I’ve written just over 30 articles about Baltimore for the Your Weekend section in the past couple years, and as my senior year winds down to a close (But does anything at Hopkins really “wind down” as opposed to screeching to an academically exhausting halt?) I’ve thought a lot about what this last one should be like.
How do I sum up four years worth of exploring a city I really, really love? That I think everyone should love? That doesn’t get nearly enough credit?
The truth is, when people outside of the Hopkins bubble ask me where I’m from, I now have to stop myself from saying Baltimore.
Of course I can’t ever really claim to be a local. There are tons of neighborhoods, venues and (of course) restaurants that I’ve yet to explore. Here, however, mostly in the chronological order in which I’ve explored them, are some of my favorites spots and events in Charm City so far.
Freshman year my two biggest off-campus ventures were to Hampden (of course) and Red Emma’s. Both of these locations are pretty well-known to Hopkins students, but I still meet people who’ve never walked along the Avenue or eaten a vegan burger while listening to an impassioned talk about housing rights.
What’s more than that, I think that exploring the neighborhoods themselves (Station North, in the case of Red Emma’s) beyond the shops and restaurants are what really makes the experience. Take a walk around North Avenue to explore historic theaters, check out an event in the Ynot Lot, and view incredible works of art.
One of my favorites is Graffiti Alley, just beyond North Howard Street. Sophomore year, when I was just beginning to explore the city for real, I used to spend the time before my classes at the Film Centre by trying to decode all the graffiti. I didn’t succeed (obviously) but I still think of the Alley as something profoundly, wonderfully Baltimore.
Longtime readers of my columns (Here’s to you, Woman at Pete’s Grille who’s always reading the B Section.) may recall that I have a love affair with museums, which really took off during my sophomore year.
One of my favorites in Baltimore is the American Visionary Arts Museum, which features annual, wildly themed exhibitions and pieces by artists who have no formal art training.
Less high-profile is the Lillie Carroll Jackson Civil Rights Museum in Madison Park, which pays tribute to the renowned civil rights leader of the same name. This museum isn’t flashy — it’s inside Jackson’s former home. It is, however, an incredible look into the history of protest in Baltimore, and it ought to be a must-see for everyone who’s just moved here.
It was in my junior year, however, that I actually began to explore Baltimore. I cut my teeth on the local arts scene — Four Hours of Funk at the Windup Space, indie performances at random cafes (of which there are too many for me to actually explain in detail here) and, of course, the film festivals.
Baltimore isn’t New York City or Hollywood, but it truly has one of the most precious film scenes I’ve ever experienced. One of my favorite festivals is in Little Italy, where you watch movies in a parking lot, projected onto the side of a restaurant.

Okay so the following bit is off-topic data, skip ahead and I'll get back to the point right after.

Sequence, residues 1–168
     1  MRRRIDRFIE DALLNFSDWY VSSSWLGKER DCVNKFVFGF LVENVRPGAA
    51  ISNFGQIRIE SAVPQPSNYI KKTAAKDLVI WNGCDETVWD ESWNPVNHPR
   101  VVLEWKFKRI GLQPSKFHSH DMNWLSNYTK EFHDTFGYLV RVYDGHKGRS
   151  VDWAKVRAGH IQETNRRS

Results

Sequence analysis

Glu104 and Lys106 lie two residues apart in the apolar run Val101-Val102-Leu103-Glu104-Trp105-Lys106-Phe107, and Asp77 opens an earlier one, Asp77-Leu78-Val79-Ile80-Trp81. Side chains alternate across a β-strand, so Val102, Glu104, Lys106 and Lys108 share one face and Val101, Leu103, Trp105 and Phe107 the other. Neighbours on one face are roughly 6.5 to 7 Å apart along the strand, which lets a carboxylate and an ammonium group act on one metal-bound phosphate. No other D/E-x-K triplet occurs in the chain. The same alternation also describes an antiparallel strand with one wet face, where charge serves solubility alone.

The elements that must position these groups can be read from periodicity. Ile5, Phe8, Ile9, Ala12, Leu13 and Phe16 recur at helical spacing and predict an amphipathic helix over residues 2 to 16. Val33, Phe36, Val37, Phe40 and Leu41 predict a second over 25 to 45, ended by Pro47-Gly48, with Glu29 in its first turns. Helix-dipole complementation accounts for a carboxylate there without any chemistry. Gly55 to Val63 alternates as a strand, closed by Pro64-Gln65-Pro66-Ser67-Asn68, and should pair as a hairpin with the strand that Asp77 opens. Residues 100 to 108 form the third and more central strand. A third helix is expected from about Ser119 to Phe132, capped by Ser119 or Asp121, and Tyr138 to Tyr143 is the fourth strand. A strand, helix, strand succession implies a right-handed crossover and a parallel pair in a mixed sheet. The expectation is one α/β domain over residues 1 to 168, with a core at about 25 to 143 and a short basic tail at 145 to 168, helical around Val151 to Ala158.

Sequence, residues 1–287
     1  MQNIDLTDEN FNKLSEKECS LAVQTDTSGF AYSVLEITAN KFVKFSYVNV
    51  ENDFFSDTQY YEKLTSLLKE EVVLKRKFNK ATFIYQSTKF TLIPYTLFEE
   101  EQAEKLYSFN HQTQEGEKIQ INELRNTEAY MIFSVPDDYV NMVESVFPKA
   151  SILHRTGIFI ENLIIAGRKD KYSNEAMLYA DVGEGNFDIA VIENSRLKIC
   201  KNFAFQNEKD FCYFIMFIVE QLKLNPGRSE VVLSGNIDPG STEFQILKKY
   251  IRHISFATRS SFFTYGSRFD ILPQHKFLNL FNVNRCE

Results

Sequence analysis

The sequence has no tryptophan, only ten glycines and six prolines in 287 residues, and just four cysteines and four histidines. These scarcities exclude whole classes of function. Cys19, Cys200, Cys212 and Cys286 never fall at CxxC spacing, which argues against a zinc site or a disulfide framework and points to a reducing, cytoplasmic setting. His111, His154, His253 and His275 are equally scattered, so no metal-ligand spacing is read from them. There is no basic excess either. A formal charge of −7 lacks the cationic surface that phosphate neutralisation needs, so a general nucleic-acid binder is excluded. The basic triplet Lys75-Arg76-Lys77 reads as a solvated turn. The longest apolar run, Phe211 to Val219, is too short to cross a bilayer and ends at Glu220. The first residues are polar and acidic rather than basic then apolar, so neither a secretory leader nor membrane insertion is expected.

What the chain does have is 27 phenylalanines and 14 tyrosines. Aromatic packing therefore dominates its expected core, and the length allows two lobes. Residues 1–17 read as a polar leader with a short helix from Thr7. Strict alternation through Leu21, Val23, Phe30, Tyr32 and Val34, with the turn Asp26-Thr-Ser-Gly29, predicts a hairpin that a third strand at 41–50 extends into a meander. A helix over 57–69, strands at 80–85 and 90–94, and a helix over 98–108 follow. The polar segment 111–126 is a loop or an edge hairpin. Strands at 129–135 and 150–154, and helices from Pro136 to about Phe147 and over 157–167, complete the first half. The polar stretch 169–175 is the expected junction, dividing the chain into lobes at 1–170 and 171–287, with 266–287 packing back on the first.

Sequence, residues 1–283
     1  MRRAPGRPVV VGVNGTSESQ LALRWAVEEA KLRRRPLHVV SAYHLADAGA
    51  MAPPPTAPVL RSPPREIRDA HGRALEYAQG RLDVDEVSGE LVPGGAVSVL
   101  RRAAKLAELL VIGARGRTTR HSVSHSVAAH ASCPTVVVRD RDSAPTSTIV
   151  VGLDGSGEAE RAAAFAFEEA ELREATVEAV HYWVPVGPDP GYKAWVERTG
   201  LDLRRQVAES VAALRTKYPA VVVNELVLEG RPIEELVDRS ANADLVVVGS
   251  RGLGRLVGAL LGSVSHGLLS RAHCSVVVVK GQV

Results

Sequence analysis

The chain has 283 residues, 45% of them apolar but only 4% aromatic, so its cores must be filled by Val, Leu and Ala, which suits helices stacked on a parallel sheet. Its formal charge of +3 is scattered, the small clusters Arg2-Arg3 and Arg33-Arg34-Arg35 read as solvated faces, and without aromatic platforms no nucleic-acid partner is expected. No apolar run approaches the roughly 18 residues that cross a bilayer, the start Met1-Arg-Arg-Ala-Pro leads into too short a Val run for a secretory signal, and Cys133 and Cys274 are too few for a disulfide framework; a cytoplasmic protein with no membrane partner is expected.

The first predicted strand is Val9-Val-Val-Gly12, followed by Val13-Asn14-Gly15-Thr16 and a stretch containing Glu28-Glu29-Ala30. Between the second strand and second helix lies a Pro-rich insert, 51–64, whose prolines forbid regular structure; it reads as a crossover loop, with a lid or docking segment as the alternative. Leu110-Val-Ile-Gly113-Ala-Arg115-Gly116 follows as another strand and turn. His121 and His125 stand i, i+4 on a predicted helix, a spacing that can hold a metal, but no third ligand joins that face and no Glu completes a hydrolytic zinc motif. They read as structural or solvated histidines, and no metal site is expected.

I’ll never forget watching The Godfather with total strangers that my friends and I met after asking to borrow one of their lawn chairs, all of us together humming along to the guitar theme.
I also began to explore the flora and fauna — I took many a long walk through Druid Hill Park and started attending Bike Parties. I began to appreciate just traveling through the City, taking in the sights and sounds with no particular goal or end destination.
In the midst of an incredibly stressful third year of college, I found Baltimore to be a city of secret alcoves, hole-in-the-wall bars and restaurants and underrepresented culture.
Perhaps the most important decision I made during my college experience was to carve out a space for myself as a real resident instead of retreating to the library and Hopkins bubble. When senior year came around, I felt as though I had to save all of my friends from spending four years here and seeing nothing more of Baltimore than Charles Village and the Inner Harbor.
So I started to take people to places I knew were easy sells: getting fresh breakfast at Jack & Zach’s in Mount Vernon and then wandering through the Walters Art Museum, catching a show at Single Carrot Theater in Remington, or visiting the new location of The Book Thing in Waverly.
What they say is true: Baltimore really is a city of neighborhoods, and it is so, so worth it to take the time to explore. If you don’t have some place you really, really love here, that means you just haven’t found the right one.
Some of the most perfect memories I have are of riding my bike down Guilford Avenue to Little Italy in the summer and just watching the neighborhoods go by, of meeting people by chance while waiting for the Charm City Circulator in unfamiliar parts of town, of building up rapports with local vendors at farmers’ markets all over the City.
Ultimately I think that my experience at Hopkins was made better — much better — by virtue of living in Baltimore. The City has become my safe haven, my study break and my home. I don’t know where I’m headed after graduation or whether I’ll ever live here again. But I already can’t wait to come back and experience even more of all that Charm City has to offer.